There’s nothing more beautiful or wonderful in this world than bringing a new baby home. The tiny toes and the five fingers that wrap around your one are a moment all of us parents cherish. But there does come a time where you have to hand that beautiful bundle of baby over to someone else, whether it be for a few hours or to go back to work or just to give yourself a much needed break.
The anxiety new parents feel when trying to find a babysitter or nanny is real. I have three daughters who are all older and I still have a hard time trusting someone with them. But finding a babysitter or nanny has gotten easier over the years. If you’re smart and diligent, you can find one you trust to leave your new baby with!
If you’re stressing out about the end of your maternity leave or an upcoming date night, don’t worry. Here are five tips for finding a nanny or babysitter you’re comfortable leaving your littlest pride and joy with.
Tip #1: Ask friends for recommendations
The nanny I had for my oldest when she was born came highly recommended from another mom I knew and trusted. I interviewed her three times, called countless times, and had to acclimate myself to her form of communication and how she thought about childcare.
By the time I headed back to work, I was able to hand my little baby girl over with less anxiety than I thought I would have. She was easy to contact, honest about any struggles, and listened to my fears.
I had my daughter with her for over a year before I quit work to stay home with my girls — and I still have fond memories of her.
Tip #2: Use online resources to research nannies & babysitters
Care.com, SitterCity, and Angie’s List offer many names and references for the parent looking for a caregiver. Care.com offers five different types of background checks, and both companies also recommend following up on your potential new nanny’s references.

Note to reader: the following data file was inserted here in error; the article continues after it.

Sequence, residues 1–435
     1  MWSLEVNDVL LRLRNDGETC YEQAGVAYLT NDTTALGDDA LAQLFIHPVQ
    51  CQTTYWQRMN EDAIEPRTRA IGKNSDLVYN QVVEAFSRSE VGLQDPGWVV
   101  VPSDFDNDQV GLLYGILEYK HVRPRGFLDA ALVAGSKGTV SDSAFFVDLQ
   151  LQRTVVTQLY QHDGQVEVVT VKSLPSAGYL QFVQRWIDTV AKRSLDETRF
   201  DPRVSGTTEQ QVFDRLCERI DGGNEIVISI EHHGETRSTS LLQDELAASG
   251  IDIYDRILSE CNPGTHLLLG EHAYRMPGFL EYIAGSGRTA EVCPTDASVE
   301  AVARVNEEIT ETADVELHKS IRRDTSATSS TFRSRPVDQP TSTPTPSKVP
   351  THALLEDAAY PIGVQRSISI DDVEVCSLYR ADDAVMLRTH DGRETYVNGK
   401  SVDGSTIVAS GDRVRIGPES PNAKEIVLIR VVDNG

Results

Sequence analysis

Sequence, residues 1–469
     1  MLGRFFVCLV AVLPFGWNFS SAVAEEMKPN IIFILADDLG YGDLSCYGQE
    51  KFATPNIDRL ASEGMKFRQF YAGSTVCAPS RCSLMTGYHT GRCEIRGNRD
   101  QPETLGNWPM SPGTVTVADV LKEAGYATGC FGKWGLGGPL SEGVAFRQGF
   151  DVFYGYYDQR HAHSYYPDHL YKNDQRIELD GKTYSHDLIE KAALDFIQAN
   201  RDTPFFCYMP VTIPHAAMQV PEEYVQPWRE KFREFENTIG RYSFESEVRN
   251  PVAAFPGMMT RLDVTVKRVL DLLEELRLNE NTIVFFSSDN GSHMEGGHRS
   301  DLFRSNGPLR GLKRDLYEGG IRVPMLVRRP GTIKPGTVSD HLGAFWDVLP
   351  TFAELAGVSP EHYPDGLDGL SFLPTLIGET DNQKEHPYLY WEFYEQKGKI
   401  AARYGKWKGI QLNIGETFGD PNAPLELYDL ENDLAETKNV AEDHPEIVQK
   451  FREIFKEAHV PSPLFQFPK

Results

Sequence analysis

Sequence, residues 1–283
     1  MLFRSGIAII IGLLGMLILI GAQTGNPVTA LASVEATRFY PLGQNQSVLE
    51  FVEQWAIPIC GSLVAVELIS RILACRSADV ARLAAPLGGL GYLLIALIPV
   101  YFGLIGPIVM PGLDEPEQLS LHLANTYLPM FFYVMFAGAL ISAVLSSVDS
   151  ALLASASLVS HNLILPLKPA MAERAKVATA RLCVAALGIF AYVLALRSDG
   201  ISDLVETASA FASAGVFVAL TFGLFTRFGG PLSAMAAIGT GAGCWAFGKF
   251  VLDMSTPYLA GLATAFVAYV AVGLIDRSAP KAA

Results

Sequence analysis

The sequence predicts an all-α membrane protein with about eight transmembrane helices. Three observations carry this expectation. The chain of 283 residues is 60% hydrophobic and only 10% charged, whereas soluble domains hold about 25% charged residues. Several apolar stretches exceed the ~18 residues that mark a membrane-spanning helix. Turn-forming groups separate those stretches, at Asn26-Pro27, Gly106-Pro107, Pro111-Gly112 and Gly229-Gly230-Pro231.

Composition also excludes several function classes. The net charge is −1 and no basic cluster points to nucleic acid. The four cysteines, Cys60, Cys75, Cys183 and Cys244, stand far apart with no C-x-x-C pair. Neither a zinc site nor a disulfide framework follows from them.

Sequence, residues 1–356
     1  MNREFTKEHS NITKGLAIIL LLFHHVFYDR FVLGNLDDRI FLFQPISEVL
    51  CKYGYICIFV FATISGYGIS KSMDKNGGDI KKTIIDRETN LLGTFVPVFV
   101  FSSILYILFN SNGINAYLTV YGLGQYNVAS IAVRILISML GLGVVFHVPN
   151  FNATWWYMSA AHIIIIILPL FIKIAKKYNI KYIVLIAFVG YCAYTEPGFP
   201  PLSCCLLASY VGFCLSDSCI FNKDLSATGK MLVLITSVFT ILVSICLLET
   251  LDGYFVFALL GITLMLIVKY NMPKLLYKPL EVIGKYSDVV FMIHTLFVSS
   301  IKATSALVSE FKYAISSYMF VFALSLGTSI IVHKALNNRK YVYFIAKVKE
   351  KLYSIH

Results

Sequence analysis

However, if you watch the news, sometimes stories come out about people found on these sites that aren’t great. So, taking the time to truly investigate someone’s background is essential when using an online source.
You can get a customized background check from sites like Trustify for almost anyone. This article, from Momtastic.com, has some great advice and additional links to services that can help you check out the nanny or babysitter you want in your home with your most precious children.
Luckily, as a mom, I’ve never had to use one of these services. I rarely use a sitter but when I do, I have a plethora of trustworthy teens in my neighborhood. But if I were to use these, I would spend more money investigating the people I hire than paying them to sit!
Tip #3: Talk to a local daycare center
If you’re wanting a private nanny or a sitter, sometimes asking around at the local daycare centers can help. Most reputable daycare centers have run background checks on employees already.
So, if you’re looking for a sitter on a Saturday night, they might have the perfect candidate. Or, they may know local nannies who left their information at the center in case people are looking!
Tip #4: Check your church
For years I worked Sunday mornings in the church daycare. Not only was it extra spending money, but I also met parents looking for reliable childcare after church and on weekends.
My church did a standard background check on me, which was awesome, and then parents did a further one, which was fine with me. I found a lot of extra work that way and parents found someone they could trust with their tiniest of babies!
Tip #5: Go with your gut
I’ve been very lucky in my childcare needs now, but in the beginning finding someone for my new baby wasn’t easy.
I found my nanny and then a mommy’s helper when all my girls were toddlers after a long search. Several women seemed great on paper but my motherly instinct told me no. If my gut gives me grief, I automatically move on.
We moms have that sixth sense and we shouldn’t ignore it no matter how badly we need to leave our kids with someone. So listen to your instincts, do the background checks, and check in often with whomever you hired. If you do, handing that new baby over can be easier than you think.
Your turn! Do you have any tips for parents searching for a new babysitter or nanny? What should they do to ensure their child’s safety?